Thanks to Dick “Khe Sanh” Blumenthal, we don’t need to agonize here about whether Kirk should drop out of the race in shame for misstating his citations.

The Republican candidate for President Obama’s old Senate seat has admitted to inaccurately claiming he received the U.S. Navy’s Intelligence Officer of the Year award for his service during NATO’s conflict with Serbia in the late 1990s…

Cmdr. Danny Hernandez, the Navy’s assistant chief of information, said for several days last week that he was having trouble finding records to clarify the matter. Then on Friday, he said Kirk, an Appropriations Committee member who co-chairs an electronic warfare working group, had changed his Web site to incorporate a different account of the award…

Kirk was assigned to a unit based in Aviano, Italy, during the conflict.
A professional group, the National Military Intelligence Association, gave the unit an award for outstanding service, according to a revised résumé posted on Kirk’s Web site Saturday…

Kirk, whose campaign has emphasized his military service as a reservist, similarly misstated the award during a House committee hearing in March 2002. In a remark recorded by C-Span, he said, “I was the Navy’s Intelligence Officer of the Year,” an achievement he depicted as providing special qualifications to discuss national security spending.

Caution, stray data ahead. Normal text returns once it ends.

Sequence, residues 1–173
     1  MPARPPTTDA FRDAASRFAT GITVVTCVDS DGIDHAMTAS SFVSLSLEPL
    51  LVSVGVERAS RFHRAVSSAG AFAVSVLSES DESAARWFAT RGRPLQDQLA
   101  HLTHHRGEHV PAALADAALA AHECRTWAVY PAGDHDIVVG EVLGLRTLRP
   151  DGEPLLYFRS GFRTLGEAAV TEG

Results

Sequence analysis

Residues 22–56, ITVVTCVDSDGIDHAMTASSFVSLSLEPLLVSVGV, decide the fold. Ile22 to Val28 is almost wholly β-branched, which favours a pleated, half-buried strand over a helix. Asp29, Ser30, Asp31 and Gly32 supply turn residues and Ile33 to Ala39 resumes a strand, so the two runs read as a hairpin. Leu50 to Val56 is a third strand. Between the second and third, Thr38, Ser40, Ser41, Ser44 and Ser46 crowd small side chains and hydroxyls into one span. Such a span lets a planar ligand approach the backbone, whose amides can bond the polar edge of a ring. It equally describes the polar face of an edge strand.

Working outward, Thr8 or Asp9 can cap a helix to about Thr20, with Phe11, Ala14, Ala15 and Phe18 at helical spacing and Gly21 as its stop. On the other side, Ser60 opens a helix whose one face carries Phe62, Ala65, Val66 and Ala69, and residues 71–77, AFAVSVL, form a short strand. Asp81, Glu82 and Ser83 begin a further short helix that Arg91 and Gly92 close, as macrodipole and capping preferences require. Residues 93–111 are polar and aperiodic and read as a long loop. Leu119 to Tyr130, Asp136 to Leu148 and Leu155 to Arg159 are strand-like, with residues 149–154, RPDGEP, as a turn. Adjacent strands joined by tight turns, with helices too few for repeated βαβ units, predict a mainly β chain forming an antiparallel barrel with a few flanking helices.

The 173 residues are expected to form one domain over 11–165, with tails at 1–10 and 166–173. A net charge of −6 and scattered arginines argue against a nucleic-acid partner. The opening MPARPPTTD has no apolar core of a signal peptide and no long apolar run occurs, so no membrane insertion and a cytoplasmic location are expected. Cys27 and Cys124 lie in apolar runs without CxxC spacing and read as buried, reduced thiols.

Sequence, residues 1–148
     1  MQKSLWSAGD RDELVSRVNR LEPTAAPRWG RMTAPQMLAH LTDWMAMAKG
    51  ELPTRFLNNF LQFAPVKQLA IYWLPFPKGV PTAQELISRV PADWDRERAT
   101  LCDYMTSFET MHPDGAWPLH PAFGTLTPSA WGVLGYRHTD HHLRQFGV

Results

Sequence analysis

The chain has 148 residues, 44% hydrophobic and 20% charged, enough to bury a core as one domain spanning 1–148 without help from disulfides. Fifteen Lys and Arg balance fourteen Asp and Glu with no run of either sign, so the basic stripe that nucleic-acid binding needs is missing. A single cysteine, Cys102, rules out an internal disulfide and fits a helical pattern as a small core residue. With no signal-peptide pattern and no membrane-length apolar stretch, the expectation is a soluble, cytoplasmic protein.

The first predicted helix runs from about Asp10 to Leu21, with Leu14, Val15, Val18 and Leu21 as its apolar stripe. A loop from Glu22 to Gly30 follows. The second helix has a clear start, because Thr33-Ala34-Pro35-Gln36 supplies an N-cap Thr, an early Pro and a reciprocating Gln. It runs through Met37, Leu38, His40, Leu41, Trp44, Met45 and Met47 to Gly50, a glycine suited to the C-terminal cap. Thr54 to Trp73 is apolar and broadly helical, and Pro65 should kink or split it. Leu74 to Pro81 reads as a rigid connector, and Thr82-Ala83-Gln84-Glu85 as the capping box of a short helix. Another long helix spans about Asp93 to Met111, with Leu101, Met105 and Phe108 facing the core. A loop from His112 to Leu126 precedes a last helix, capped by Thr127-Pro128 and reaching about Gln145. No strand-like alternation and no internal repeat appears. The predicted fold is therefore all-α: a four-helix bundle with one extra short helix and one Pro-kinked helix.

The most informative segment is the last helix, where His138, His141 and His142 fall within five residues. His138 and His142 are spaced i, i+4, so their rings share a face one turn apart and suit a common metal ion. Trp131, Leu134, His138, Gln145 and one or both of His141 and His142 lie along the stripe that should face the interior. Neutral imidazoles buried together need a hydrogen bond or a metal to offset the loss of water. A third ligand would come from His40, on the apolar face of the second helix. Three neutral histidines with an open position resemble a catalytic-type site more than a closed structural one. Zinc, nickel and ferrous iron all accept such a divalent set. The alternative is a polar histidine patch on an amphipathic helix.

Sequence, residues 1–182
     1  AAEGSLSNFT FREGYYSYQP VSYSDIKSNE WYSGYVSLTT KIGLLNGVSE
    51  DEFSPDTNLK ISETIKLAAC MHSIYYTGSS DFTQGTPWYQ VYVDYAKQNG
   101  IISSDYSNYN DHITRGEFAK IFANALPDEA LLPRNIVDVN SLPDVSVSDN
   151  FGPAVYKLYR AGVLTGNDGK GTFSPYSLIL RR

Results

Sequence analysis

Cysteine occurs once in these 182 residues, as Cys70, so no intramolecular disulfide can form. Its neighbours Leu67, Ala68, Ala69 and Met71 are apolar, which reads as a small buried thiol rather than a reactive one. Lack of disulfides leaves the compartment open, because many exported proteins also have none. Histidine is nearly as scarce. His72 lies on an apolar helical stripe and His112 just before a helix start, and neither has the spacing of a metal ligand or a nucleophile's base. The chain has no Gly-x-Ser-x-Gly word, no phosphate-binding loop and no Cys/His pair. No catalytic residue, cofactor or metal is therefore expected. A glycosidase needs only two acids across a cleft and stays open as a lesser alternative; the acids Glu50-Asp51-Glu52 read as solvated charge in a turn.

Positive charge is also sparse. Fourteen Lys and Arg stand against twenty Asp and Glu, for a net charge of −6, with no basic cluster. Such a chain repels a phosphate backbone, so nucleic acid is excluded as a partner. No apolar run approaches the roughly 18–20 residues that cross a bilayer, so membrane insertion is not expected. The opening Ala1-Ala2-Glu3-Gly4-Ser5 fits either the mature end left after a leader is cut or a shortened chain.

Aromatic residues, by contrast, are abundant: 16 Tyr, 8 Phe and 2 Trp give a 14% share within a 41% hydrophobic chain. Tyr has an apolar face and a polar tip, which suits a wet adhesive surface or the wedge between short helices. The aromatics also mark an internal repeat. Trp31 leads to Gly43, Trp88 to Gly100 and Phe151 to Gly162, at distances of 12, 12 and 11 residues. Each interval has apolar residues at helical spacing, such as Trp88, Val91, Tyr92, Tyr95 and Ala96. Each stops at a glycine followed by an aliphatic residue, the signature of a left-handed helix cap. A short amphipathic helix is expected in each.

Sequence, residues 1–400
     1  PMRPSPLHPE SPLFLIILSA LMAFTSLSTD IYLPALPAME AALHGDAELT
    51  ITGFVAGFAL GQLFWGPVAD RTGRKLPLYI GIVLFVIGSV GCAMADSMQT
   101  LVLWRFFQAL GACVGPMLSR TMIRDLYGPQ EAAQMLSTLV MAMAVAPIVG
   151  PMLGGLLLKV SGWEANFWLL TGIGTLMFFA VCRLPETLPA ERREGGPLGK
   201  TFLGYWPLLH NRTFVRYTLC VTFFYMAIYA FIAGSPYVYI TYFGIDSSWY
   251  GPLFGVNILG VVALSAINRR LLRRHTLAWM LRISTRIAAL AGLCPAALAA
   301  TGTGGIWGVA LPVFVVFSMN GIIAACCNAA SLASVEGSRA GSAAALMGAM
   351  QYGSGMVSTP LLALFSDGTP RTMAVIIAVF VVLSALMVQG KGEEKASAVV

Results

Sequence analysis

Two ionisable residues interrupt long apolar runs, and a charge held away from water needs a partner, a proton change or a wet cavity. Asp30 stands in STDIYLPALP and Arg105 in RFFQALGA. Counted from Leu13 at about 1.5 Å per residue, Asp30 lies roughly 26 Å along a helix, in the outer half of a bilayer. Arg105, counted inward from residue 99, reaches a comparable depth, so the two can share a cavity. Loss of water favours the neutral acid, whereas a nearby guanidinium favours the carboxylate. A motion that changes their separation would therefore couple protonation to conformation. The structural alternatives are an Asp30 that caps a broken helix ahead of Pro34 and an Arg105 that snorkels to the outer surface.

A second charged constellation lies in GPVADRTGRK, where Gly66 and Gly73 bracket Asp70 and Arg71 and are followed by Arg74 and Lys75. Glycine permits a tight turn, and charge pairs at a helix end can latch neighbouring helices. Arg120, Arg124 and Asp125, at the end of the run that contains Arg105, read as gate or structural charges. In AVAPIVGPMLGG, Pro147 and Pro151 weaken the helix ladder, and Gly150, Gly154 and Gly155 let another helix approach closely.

His campaign blasted out a statement last night noting that he’s described his other citations correctly and that the awards board that chooses “intelligence officer of the year” overlaps significantly with the one with the one that chooses “outstanding service by an intelligence unit.” I.e. they’re roughly equal in prestige, so it’s not like Kirk is trying to overstate his achievements. Which is a fine argument, but it ignores the obvious point that an individual award would speak more directly to Kirk’s individual merit as an officer than a group award would. Simple question here, same as with Blumenthal: What possible excuse can there be for not stating one’s military background with absolute precision? With all the righteous fury over incidents of “stolen valor,” there’s no earthly reason for a candidate not to check and double-check and triple-check that his biography states his commendations exactly as they are. It’s amazing that two guys with a plus on their resume as huge as military service can’t leave well enough alone, and end up pushing their claims so far as to turn it into something of a liability.

The other irony is that Kirk, like Blumenthal, benefits from having an opponent with major biographical issues of his/her own. Sure, Bloomy’s a liar, but he did serve honorably in the Marine Corps Reserve. Who’s a left-wing Connecticut voter more inclined to vote for, him or — as Coulter put it — a pro-wrestling impresario? As for Kirk, he’s been blessed with facing arguably the single shadiest major candidate on either side of the aisle this year. He’ll get beat up for misstating his citation, but what’s worse? Leading an award-winning intelligence unit or cutting loan checks to mobsters? QED.